An unusual account of a jester talking his way out of possible execution, following the regicide of his patron, the Abbasid Caliph Al-Mutawakkil (r. 847-61). Sir John Malcolm, travelling in the region about 1,000 years after the Caliph’s murder, tells us that:
This caliph was put to death in the year of the Hejirah 247, by some conspirators, who were headed by his son, Moutaher. He was murdered as he was drinking with his friends. His vizier, Futteh, seeing he could not defend his master, exclaimed, “O Mutawukel! I do not desire to survive thee!” and received from a conspirator the death he wished. Mutawukel had a jester, as all Asiatic princes have. This man, when he saw the work of death commence, crept into a corner: but when he observed the vizier’s fate, he rushed out, and, imitating his solemnity of manner, exclaimed, “O Mutawukel! I do most anxiously desire to survive thee!” The men of blood could not help smiling, and the wit escaped.
Note: ‘Moutaher’ perhaps refers to the eldest son Al-Muntasir (r. 861-62) who was responsible for the murder of his father and briefly succeeded him as Abbasid Caliph. ‘Futteh’ perhaps refers to his secretary Al-Fatḥ ibn Khāqān (c. 817-861) who was assassinated immediately after the Caliph. These deductions follow some sleuthing on my part.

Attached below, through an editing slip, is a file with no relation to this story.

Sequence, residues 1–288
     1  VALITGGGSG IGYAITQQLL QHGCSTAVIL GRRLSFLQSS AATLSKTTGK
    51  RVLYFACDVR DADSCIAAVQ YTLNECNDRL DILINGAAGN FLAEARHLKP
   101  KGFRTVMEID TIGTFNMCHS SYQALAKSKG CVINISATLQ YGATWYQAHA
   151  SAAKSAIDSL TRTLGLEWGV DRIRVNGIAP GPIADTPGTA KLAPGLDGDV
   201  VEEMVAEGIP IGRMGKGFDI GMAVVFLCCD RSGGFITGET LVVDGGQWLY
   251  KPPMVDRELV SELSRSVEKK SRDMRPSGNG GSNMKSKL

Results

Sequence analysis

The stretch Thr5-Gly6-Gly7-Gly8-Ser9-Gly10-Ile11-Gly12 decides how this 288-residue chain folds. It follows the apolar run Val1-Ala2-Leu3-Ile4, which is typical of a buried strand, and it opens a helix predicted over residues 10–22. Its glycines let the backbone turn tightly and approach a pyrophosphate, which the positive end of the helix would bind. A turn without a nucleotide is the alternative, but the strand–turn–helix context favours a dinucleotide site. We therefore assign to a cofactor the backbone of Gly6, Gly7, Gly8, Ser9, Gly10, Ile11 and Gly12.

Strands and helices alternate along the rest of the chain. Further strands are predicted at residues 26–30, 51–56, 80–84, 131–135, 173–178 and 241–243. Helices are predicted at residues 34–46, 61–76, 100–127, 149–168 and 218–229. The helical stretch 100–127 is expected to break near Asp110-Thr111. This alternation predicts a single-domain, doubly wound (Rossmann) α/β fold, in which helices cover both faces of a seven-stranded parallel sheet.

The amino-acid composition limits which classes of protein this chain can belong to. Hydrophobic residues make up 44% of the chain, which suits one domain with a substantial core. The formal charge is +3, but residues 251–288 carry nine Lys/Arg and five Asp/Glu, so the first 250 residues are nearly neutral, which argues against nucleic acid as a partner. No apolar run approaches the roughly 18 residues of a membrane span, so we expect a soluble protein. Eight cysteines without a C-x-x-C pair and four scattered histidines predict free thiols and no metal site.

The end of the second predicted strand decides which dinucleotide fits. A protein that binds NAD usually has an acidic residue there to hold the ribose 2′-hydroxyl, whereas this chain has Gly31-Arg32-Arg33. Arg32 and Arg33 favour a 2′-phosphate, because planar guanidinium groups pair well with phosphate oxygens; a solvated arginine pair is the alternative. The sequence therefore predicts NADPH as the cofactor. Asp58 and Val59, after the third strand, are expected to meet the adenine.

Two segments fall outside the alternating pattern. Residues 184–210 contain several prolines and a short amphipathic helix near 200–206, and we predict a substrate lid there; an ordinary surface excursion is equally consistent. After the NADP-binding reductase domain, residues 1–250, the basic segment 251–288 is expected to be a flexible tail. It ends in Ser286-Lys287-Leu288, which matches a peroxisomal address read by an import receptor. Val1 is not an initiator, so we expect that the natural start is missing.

Malcolm provides us with insights and anecdotes concerning Persian jesters, with this story being the only one concerning an Arab monarch.
Source: Malcolm, Sir John (1769-1833), The History of Persia, from the Most Early Period to the Present Time, vol. 1 (London: J. Murray, 1815), p. 280
Image credit: Silver coin featuring Al Mutawakkil (847–861), Kunsthistorisches Museum, Vienna